No matter who wins the District 5 seat on the Montgomery County Board of Education, the board will gain a novice.

District 5 is one of three Montgomery school board races this year in which there is no incumbent. More than that, each of the District 5 candidates is making a first attempt at public office.

But if they are lacking in electoral experience, the three candidates are not newcomers to education.

Two of them, Frances Brenneman and Beatrice Gordon, are longtime PTA activists who, unlike the board's seven current members, have children in the public schools. The other, Donald R. Buckner, is a health professions educator who is a former teacher and college professor and administrator.

The Sept. 11 primary will reduce the field to two candidates, who will compete in the November general election.

District 5 covers the eastern part of Montgomery, including Silver Spring, Wheaton, Olney and parts of southern Rockville. This is the first time that the area will have its own school board member, as part of a districting plan intended to bring more local representation to the board overseeing Montgomery's diverse school system.

But voters countywide may participate in the election, and, in interviews and candidates' forums, the District 5 candidates did not identify issues specific to their communities.

Brenneman, 41, lives in Olney and has two sons in elementary school. She is a former PTA president at Belmont Elementary and works part time as a reading teacher at Montgomery College.

"It isn't like I'm running against the present school board. I think my children are getting a good education," she said.

Brenneman said she thinks the board's main concern ought to be its budget and improving its lobbying strength with the County Council.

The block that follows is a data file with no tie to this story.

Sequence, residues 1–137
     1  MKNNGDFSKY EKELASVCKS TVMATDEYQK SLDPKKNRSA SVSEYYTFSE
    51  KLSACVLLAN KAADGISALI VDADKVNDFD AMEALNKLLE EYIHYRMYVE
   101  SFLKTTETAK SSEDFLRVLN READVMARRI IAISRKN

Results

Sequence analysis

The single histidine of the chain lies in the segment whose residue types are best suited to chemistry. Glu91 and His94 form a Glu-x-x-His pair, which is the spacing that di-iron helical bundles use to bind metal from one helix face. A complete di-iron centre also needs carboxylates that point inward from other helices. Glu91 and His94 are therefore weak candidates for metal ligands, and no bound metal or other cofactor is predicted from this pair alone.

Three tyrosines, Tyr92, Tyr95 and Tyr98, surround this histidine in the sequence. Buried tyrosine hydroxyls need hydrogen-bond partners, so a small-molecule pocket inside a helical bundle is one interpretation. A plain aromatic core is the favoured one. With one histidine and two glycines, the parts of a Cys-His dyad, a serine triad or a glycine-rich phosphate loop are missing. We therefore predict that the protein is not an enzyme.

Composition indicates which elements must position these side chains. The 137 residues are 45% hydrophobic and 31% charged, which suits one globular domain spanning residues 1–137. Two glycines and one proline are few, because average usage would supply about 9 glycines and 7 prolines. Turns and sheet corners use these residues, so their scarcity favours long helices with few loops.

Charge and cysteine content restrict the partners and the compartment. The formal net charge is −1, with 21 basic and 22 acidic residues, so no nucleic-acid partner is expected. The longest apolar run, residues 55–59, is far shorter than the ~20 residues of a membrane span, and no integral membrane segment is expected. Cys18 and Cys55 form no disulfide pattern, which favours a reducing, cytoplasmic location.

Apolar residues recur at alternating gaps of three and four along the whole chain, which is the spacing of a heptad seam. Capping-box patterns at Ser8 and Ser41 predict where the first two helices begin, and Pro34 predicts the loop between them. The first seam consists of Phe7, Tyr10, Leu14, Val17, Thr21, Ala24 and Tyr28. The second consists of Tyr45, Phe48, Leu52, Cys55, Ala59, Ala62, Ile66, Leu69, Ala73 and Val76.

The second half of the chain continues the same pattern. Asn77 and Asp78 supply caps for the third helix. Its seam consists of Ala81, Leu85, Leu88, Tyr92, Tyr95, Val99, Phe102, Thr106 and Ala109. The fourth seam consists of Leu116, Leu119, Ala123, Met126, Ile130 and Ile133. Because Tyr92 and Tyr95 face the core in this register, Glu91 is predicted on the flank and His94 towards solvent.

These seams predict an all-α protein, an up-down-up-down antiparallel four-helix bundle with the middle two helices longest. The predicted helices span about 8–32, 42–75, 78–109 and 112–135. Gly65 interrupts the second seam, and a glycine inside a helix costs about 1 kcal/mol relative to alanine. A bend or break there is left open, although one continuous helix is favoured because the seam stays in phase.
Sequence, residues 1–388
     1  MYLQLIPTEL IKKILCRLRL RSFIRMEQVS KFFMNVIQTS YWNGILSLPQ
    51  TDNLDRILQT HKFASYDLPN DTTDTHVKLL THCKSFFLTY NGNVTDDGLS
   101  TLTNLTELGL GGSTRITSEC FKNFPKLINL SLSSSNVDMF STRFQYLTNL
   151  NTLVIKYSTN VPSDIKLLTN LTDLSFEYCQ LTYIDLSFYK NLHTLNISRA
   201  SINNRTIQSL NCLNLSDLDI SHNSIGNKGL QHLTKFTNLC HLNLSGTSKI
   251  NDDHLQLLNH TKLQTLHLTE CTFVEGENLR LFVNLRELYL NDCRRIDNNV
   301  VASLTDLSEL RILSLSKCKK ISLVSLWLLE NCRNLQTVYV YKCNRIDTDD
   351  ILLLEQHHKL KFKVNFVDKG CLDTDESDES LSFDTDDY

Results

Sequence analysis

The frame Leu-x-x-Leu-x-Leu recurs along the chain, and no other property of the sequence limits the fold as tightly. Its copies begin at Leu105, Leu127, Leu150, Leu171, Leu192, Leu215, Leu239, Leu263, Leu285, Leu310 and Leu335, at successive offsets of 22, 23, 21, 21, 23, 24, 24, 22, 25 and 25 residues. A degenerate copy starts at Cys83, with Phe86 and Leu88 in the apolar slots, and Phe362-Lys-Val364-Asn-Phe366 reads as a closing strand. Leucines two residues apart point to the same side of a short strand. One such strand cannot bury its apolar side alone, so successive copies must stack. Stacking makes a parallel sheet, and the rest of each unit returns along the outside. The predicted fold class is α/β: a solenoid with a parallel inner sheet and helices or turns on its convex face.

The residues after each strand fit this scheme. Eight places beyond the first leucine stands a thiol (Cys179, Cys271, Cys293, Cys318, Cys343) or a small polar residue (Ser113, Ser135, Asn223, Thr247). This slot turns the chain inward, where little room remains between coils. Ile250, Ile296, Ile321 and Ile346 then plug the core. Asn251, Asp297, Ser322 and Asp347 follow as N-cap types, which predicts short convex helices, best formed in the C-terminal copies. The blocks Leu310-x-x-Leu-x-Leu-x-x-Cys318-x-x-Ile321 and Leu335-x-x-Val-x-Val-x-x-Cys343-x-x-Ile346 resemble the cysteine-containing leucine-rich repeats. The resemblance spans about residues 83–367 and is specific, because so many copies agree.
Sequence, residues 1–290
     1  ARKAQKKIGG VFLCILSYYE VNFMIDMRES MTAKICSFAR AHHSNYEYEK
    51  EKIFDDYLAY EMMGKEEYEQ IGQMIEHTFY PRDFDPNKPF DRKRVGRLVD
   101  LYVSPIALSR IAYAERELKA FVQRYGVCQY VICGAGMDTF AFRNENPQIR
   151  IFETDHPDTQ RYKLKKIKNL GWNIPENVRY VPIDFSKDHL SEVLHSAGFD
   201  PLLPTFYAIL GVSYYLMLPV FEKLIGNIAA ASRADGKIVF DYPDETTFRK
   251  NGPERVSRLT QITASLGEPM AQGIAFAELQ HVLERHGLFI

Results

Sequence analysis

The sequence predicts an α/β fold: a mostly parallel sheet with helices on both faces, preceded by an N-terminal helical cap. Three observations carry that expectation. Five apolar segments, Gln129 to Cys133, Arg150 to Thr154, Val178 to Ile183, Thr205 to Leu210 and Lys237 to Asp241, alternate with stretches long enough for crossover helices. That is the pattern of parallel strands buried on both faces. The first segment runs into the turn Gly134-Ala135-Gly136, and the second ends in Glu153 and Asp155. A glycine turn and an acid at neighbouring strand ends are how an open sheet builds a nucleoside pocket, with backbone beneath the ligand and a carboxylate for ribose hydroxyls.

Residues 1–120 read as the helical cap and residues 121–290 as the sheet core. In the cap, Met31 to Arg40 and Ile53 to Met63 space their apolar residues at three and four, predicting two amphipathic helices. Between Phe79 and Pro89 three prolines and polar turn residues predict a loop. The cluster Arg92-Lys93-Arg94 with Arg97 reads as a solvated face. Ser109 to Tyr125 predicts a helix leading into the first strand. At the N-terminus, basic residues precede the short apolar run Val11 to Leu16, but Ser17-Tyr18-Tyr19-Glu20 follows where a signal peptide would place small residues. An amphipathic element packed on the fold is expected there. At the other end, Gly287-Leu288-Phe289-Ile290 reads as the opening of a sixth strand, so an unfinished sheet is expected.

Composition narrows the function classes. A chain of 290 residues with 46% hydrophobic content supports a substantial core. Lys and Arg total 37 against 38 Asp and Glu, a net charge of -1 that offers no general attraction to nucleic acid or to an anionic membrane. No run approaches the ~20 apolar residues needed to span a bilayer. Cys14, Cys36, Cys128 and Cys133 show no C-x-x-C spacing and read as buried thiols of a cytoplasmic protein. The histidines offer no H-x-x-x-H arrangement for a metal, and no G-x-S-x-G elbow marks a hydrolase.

In addition, she said, she would like to see smaller class sizes, better guidance and career counseling, and more attention to recycling and other environmental issues. She said she favors greater collaboration with local industry, including through school "adoptions" by private businesses.

Buckner, 58, has two grown children and is an administrator at the National Library of Medicine. He has been active in the Montgomery chapter of the NAACP, and he wrote the first in what has become an annual, outside critique of standardized test scores of the county's minority students.

Saying that "the number one issue is funding the budget," Buckner proposed that the school board acquire legal authority to determine its own finances. Now, the board, like its counterparts throughout Maryland, gives a budget request each year to the County Council, which has the final say.

The change, which would require approval by the General Assembly, "is a long, uphill fight," he said. "But if our county is to expect our school board to provide leadership, they need the tools, and funding is one of the tools."

In addition, he said, his priorities include improving the performance of minority and female students, especially in math and science. He also is in favor of strengthened vocational education, student and teacher internships in private business, and extending all-day kindergarten classes countywide.

Gordon, 41, is a Silver Spring resident who has lived in Montgomery for 14 years. She has two daughters in the school system and has been a local PTA officer and a representative to Montgomery's PTA council. Since 1985, she has been a teacher's aide at William Tyler Page Elementary.

"I know what it is like to be in the classroom," she said. "That might be a perspective we haven't had {on the school board} for a long time."

Gordon said her priorities include "direct services to students and schools." In particular, she said, she would focus on the education of young children and on services to address the needs of Montgomery's increasingly diverse student body, including students who do not speak English.

She also cited a concern about the school budget, saying, "We are going to need additional sources of funding, maybe from growth and development." The County Council has considered and rejected development taxes twice in the past two years.